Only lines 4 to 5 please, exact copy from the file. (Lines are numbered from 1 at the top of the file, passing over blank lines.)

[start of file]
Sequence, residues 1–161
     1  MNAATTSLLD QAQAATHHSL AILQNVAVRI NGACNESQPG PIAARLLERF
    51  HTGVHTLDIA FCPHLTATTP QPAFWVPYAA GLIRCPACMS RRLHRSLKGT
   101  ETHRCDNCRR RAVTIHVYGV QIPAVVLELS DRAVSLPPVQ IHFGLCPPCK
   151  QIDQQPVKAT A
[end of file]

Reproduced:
   101  ETHRCDNCRR RAVTIHVYGV QIPAVVLELS DRAVSLPPVQ IHFGLCPPCK
   151  QIDQQPVKAT A